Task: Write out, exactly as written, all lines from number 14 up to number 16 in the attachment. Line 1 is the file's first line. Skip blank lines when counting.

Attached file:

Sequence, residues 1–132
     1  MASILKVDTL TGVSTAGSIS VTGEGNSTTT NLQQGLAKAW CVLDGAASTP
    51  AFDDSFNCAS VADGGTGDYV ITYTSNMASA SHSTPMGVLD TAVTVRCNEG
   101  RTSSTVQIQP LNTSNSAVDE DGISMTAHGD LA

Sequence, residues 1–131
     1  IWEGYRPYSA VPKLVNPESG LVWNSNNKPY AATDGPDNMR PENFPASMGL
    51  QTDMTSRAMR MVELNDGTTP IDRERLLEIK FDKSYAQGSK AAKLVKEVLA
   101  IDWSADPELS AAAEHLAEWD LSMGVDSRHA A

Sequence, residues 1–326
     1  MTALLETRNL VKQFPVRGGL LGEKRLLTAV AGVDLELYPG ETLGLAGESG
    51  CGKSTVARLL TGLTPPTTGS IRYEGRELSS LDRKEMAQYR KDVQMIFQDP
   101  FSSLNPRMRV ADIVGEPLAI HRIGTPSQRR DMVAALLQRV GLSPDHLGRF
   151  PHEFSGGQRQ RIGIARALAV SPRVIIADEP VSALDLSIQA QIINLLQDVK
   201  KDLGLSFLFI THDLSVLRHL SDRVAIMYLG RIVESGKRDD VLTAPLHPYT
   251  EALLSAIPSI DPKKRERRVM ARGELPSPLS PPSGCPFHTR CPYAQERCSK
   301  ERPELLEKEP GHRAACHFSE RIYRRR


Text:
   201  KDLGLSFLFI THDLSVLRHL SDRVAIMYLG RIVESGKRDD VLTAPLHPYT
   251  EALLSAIPSI DPKKRERRVM ARGELPSPLS PPSGCPFHTR CPYAQERCSK
   301  ERPELLEKEP GHRAACHFSE RIYRRR